Weigel Poised To Roll Out Multicast Me-TV

The format of classic TV shows that first appeared on Weigel's Chicago and Milwaukee stations will be offered in other markets as a multicast option.

Weigel Broadcasting, owner of independent WCIU Chicago, is turning Me-TV, the programming format it developed at stations in Chicago and Milwaukee, into a multicast network of the same name and has begun looking for outlets in other markets.

The new channel (view promos at metvnetwork.com) will debut in other markets as early as January, according to a “tease release” issued this afternoon. A formal announcement is to come tomorrow.

The network has secured long-term licensing agreements for more than 50 series spanning the 1950s to the 1980s, including Perry Mason, I Love Lucy, The Dick Van Dyke Show, Happy Days, Bonanza and the Honeymooners.

“It’s a mash-up of America’s most loved television classics,” Weigel said in the release.

Me-TV would compete head-to-head with RTN, another classic TV multicast channel.

Weigel is a partner (with MGM) in another multicast channel, This TV Network, which also airs classic TV shows, but is based primarily on movies from the MGM library. “We think that we know something about digital subchannels from having worked on This,” said Weigel’s Neal Sabin.

BRAND CONNECTIONS

Weigel is offering affiliates a barter split of the ad inventory, Sabin said. “We have been talking to other broadcasters, but haven’t closed anything yet.”

Sabin said he wants affiliates who see the network as more than filler. “We are looking for committed, interested partners who have a passion about classic TV.”

The network is going after baby boomers who have plenty of money to spend, he said. “We are not afraid to say our audience skews older.”

Me-TV currently airs of WWME-CA, a low -power station in Chicago; a subchannel of WCIU; and WBME Milwaukee.


Comments (14)

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Rachel Barash says:

November 22, 2010 at 4:01 pm

Looks like the same model as Retro TV and TV Land. How many times and in how many places can people 65+ watch these old-timer?.

    Teri Green says:

    November 22, 2010 at 4:18 pm

    Retro TV is nothing close to ME-TV in terms of content, ME-TV is more like TVLand was 20 years ago.

    mike tomasino says:

    November 22, 2010 at 5:08 pm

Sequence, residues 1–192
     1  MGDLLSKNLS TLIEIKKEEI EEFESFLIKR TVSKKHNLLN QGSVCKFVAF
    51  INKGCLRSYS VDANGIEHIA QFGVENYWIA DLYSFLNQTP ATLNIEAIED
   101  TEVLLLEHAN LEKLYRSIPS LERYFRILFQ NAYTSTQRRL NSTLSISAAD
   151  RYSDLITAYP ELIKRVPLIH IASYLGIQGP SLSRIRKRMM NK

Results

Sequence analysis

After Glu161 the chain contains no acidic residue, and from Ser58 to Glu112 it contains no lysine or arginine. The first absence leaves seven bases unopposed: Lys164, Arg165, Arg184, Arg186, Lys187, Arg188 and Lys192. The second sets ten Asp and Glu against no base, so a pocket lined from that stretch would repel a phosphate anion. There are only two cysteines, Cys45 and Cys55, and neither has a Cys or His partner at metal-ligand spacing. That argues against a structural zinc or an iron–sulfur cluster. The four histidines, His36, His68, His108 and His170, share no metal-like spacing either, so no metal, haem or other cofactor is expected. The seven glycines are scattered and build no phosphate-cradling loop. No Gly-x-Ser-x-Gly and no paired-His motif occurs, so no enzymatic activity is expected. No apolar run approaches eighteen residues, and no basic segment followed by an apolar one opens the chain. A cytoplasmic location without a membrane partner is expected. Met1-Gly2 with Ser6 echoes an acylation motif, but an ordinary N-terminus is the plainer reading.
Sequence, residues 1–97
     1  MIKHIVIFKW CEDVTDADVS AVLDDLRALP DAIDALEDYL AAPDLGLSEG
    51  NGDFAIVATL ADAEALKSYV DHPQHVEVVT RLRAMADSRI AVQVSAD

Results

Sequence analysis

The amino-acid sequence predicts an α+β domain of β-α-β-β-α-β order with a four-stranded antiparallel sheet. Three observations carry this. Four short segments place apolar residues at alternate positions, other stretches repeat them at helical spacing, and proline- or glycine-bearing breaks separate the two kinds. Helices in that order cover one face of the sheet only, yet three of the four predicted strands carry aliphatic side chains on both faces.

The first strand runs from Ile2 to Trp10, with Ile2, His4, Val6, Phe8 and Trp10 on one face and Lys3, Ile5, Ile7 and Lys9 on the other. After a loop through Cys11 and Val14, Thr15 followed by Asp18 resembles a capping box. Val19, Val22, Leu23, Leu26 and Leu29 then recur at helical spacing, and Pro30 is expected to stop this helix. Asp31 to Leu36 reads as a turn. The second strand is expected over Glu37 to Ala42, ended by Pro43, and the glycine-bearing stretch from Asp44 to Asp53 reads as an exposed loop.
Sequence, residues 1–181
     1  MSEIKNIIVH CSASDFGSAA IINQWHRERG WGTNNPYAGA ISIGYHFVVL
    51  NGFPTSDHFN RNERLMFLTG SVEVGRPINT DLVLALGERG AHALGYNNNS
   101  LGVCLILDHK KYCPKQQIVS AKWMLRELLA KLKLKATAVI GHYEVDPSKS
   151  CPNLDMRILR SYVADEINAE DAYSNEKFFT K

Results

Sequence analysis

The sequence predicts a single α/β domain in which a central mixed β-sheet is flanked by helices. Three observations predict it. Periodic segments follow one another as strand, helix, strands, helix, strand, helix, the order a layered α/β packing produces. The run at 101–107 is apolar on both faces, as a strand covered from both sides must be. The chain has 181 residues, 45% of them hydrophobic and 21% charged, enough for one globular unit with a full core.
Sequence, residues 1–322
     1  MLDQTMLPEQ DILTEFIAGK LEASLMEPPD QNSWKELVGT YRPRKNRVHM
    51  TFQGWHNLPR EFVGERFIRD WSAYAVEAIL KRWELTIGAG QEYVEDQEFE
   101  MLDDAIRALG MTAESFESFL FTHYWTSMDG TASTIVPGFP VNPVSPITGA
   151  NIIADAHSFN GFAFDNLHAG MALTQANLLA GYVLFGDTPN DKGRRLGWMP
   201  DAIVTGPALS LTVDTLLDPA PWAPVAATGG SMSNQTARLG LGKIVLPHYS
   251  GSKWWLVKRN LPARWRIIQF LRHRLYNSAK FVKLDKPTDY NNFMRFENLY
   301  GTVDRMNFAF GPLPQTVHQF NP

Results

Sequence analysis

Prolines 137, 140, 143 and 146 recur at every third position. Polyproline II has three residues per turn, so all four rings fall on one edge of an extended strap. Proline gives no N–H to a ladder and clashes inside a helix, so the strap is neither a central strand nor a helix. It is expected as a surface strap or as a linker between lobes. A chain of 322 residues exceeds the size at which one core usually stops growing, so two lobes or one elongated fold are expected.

65+ really!!! Lots of us in our 30s and 40s like this type of programming. Either shows from our childhood, or stuff we’ve heard about, but haven’t had the chance to see.

    Heidi Persson says:

    November 22, 2010 at 8:55 pm

    Me too! I grew up watching most of these shows on Nick at Nite and independent stations in the `80s and it’ll be great to have them back on TV! Me TV will have the brand-name hits that have disappeared from TV in recent years. It will not be like RTV or TV Land.

    Just Fine says:

    November 22, 2010 at 10:20 pm

    “Old-timer?” I’m 32. I haven’t seen a lot of these shows since I was a kid and teenager, and I loved them. The Dick Van Dyke Show is still one of the best written sitcoms ever produced to this day. Considering TV Land went the reality/non-classic TV route, real classics, especially shows in black-and-white, are a rarity on TV, and I’m glad ME-TV, RTV, and the upcoming AntennaTV are filling that niche.

Teri Green says:

November 22, 2010 at 4:18 pm

I wonder how this will go against Antenna TV.

    Ellen Samrock says:

    November 22, 2010 at 4:26 pm

    Since Antenna TV is available only for sub-channels, Me-TV could be more of a competitor for RTV if Weigel offers Me-TV for main channel distribution as well as subs.

J.D. Walls says:

November 22, 2010 at 5:11 pm

What took them so long? I loved the “me” promos. Bad Boy

Kimberly Gari-Luff says:

November 22, 2010 at 8:48 pm

My wife is the perfect candidate. She’s over 65 and she rarely watches first-run programming except Food Network. She catches almost everything on reruns. Lucy on a 52″ Sony Bravia. Go figure.

Frank Mikisits says:

November 23, 2010 at 1:30 am

MeTV is the RTV killer.

mark wienkes says:

November 23, 2010 at 1:55 pm

For years we have been trying to get broadcaster’s to recognize the value of licensing The Auto Channel’s name, programming and on-line content and become their market’ s exclusive “Auto Channel” , which would generate both revenue and audience from a heretofore throwaway digital channel, as well as adding a synergistic lagniappe for their station’s number one local advertising category, car dealers…but i guess that it’s easier to convince a broadcaster that a “mash-up” (oh my, what has our industry come to?) of non-audience generating, ubiquitous programming is what they should dedicate a valuable channel to…no wonder our broadcasting brothers and sisters are struggling…

Mike Henry says:

November 30, 2010 at 7:32 pm

I think Weigel may have jumped the gun a bit with choosing to launch the national MeTV network in a two-week timeline, it is kind of like a performer about to sing only to realize that they don’t know a song (in other words, it is highly unlikely that the national MeTV will have signed any deals with any station groups to carry the service by the time it launches on December 8). I don’t understand why digital multicasters can’t do what a traditional commercial network does and sign affiliation deal with station groups in at least 60% of all U.S. markets before signing on the air, the multicasters are not really going to get much of a foothold viewership-wise the way they get affiliates now.

matt fess says:

January 4, 2011 at 3:52 pm

I believe that if you can offer up programming that may be on cable but offer it up on over the air broadcast for free, all you do is give consumers an option to drop subscription TV which I am all in favor of!

Tim DeFazio says:

April 4, 2011 at 3:00 pm

Go go go…..Free TV for all!!


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